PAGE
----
Three Things We Can All Learn From Freddie Mercury

The recent release of Bohemian Rhapsody served as an ode to Queen's legacy and most notably, the fiery, groundbreaking, and revolutionary life of frontman, Freddie Mercury. In addition to its commemoration, the movie has exposed an entirely new generation to the trials and tribulations that the band faced in a much more conservative time period. We can use this movie as a point of comparison to see how society has progressed since Queen's hayday in the early '70s to the early '90s, and how it makes Mercury's impact that much more significant.

As we learn throughout the movie, Mercury must overcome significant barriers throughout his life that many would find difficult not to succumb to. However, he handles these obstacles with more than just grace and dignity, but with incredible showmanship - which solidifies his title as one of the greatest rock singers and performers of all time. After learning a more detailed account of his life, here are Three Things We Can All Learn From Freddie Mercury:

1. Your Uniqueness Works to Your Advantage

Much of what made Mercury unique served as a potential hindrance to his career. For starters, he was born with four additional teeth in his mouth, which contributed to his recognizable overbite. Since the entertainment industry is notorious for dulling the individuality of performers, many people wondered why he never fixed his teeth. According to Mercury, his unique four-octave vocal range may have suffered if he had done anything to augment his teeth.

With a voice capable of reaching the highest of highs and lowest of lows, Mercury's is one that remains one of the most unique and distinguishable in history. It's incredibly inspiring to think that he placed his innate talent over the need for vanity because this is ultimately what allowed him to become the best in his craft. Considering how the world looks now, this idea is something to consider, because many entertainers would argue that vanity surpasses skill. At the end of the day, owning your uniqueness is what makes you stand out from the rest. If Mercury ended up fixing his teeth, we could have lost one of the greatest voices of all time. From this, we learn that whatever makes us different should really be celebrated, because it can be used to our greatest advantage.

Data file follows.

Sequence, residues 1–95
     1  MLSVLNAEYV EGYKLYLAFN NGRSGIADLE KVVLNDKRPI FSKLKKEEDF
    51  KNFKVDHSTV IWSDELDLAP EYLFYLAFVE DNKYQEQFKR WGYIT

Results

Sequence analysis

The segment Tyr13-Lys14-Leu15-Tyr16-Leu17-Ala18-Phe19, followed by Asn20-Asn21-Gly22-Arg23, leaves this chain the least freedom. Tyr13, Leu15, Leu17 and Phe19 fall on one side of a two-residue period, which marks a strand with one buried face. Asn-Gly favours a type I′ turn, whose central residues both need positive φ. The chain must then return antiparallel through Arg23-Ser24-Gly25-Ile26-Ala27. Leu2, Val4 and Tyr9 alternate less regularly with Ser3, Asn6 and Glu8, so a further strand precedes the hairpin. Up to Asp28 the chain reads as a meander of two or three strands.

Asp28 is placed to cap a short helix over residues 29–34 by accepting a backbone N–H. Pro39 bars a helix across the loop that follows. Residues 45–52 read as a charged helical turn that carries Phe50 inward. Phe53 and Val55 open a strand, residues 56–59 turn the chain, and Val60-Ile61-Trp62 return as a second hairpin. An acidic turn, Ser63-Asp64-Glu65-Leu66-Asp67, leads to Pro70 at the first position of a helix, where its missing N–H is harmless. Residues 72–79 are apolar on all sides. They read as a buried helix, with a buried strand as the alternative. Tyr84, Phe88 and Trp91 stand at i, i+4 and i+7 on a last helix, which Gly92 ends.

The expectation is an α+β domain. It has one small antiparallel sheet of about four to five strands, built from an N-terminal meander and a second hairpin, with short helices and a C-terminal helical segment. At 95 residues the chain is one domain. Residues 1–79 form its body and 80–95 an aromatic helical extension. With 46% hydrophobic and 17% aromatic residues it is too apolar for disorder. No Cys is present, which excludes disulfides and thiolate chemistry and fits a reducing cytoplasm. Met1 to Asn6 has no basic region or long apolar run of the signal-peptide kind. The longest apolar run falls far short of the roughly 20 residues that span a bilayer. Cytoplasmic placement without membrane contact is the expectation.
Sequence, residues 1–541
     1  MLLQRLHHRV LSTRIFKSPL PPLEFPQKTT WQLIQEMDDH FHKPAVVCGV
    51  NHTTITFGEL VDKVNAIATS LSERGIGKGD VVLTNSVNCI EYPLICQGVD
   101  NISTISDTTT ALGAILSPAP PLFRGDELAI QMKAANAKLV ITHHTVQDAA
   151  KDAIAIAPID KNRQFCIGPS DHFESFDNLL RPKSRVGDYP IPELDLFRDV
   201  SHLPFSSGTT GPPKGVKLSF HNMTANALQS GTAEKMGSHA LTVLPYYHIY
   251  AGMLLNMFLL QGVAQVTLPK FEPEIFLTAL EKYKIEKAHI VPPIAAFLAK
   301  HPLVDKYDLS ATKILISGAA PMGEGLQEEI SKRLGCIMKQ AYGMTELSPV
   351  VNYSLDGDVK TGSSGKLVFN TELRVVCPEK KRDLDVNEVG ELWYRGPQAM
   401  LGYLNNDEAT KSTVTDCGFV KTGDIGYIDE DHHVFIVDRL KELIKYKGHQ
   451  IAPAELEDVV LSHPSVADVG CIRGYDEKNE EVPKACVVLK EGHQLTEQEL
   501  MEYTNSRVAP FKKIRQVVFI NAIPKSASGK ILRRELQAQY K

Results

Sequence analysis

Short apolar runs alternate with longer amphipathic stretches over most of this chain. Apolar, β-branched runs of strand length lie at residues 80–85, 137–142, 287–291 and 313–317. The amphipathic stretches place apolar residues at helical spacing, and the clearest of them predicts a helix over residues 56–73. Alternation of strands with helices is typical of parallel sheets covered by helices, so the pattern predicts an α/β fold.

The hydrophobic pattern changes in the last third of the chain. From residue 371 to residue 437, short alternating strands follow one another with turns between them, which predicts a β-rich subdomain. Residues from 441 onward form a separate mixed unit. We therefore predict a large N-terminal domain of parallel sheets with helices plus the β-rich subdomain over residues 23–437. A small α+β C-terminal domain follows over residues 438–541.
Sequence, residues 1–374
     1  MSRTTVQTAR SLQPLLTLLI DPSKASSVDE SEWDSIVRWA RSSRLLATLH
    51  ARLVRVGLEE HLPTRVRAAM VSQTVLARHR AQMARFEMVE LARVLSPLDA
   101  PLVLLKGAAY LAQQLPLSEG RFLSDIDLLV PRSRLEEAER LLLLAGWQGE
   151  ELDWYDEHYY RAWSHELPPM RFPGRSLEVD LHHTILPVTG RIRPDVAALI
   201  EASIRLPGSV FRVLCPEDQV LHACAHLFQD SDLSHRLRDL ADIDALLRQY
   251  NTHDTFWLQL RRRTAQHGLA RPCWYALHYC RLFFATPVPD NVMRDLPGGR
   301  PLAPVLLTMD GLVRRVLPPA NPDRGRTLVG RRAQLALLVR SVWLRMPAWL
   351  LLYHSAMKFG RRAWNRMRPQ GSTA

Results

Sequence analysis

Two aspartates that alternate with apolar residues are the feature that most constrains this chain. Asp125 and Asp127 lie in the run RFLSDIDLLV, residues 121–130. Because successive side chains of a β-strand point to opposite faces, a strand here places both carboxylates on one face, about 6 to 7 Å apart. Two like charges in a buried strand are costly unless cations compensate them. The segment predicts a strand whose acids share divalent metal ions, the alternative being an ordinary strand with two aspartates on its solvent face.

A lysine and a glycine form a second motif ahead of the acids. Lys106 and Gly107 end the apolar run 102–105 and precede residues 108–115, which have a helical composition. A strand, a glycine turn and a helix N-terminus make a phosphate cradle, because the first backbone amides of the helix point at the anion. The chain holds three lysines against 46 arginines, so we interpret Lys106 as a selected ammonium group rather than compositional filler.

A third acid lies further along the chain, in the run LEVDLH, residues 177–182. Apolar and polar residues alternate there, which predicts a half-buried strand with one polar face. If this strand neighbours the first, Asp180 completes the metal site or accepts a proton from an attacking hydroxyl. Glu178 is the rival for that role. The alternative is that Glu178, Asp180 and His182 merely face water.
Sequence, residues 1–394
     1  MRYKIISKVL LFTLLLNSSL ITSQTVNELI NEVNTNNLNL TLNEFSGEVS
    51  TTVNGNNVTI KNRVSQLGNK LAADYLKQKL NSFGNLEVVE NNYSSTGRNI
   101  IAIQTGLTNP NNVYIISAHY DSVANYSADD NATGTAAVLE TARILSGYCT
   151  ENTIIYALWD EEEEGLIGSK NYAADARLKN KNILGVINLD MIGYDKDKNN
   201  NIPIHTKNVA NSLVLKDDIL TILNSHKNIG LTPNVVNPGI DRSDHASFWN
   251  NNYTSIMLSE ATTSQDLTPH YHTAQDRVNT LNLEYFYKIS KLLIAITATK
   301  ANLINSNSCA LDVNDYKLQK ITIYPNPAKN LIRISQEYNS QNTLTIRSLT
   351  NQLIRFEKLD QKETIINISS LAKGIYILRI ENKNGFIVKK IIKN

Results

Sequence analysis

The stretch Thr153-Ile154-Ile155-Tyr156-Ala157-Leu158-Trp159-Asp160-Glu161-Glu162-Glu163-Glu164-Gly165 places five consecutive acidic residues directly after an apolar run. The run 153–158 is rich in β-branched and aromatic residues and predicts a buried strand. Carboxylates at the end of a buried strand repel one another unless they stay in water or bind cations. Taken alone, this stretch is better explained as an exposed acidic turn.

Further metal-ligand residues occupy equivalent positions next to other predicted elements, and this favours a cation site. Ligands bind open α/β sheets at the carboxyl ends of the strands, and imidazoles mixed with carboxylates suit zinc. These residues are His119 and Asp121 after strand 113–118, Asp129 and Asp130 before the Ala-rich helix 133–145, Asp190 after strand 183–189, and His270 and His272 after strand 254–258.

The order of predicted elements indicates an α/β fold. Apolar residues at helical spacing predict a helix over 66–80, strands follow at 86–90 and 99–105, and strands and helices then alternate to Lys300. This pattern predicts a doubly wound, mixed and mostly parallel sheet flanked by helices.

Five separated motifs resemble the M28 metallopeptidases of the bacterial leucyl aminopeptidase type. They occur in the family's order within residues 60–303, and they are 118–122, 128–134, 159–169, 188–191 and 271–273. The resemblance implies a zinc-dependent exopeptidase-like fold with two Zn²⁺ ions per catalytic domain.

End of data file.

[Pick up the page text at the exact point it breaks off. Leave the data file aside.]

2. Confidence is Contagious

If you know nothing else about Freddie Mercury, you can easily pick him apart from the rest by his effortlessly theatrical onstage presence. He would dance his heart out, tease the crowd, and show everyone up with his ostentatious outfits. However, behind this presence was a gentle and understated man, who many would describe as shy. Rami Malek, who played Mercury in the movie, commented that he even saw bouts of loneliness in his life.

Despite the fact that Mercury had his own personal struggles, he made the gallant effort to put himself out on stage and sing to the masses. In Bohemian Rhapsody, Queen is shown to be the band that appeals to the outcast in the room - they're the voice that unites people together. The band's performance at the charity concert Live Aid in 1985 is a testament to that, as it went down as one of the best performances of all time. Queen got 72,000 people in Wembley Stadium to clap, sing, and participate in their set, and this is largely due to Mercury's incredible capability to hold the crowd in the palm of his hand. Very few performers have that kind of talent, and this shows how being confident can improve not only your own life but the lives of those surrounding you. Mercury teaches all of us that believing in yourself and what you're good at can actually be revolutionary.


3. Being Yourself Goes A Long Way

Mercury's theatricality on stage did more than just entertain; it ignited speculation about his sexuality. Throughout his life, many wanted him to confirm his sexual orientation and believed that he owed them an explanation due to his status as a public figure. Although he was speculated to be bisexual, Mercury never officially confirmed anything to the public. He had fulfilling relationships with both men and women throughout his life and died of an AIDS-related virus in 1991.

As we reflect back on Mercury's career, we learn that he did more than just change the course of history with his vocal capabilities. The androgyny he displayed on stage during the '70s and '80s was incredibly significant for that time period. He had so much courage to express himself like that in front of the public, and his efforts paved the way for others to express themselves wholeheartedly as well. Mercury has shown everyone who attended a Queen concert or saw Bohemian Rhapsody in theaters that being proud of who you are can inspire a sea of change in the future.

Whether you're a huge Queen fan or know absolutely nothing about them, seeing Bohemian Rhapsody is a smart move, because it will leave you feeling inspired and overcome with goosebumps as you exit the theater. Freddie Mercury lived a short but vibrant life, and those of us who weren't lucky enough to see him perform live are still reminded today of how incredibly courageous it is to simply be who you are, find passionate work, and love whomever you choose to love. And, if you're still not sold on Mercury being a class act, here's a picture of him with his beloved cat:

Photos courtesy of Bustle, 101.5, and BHW.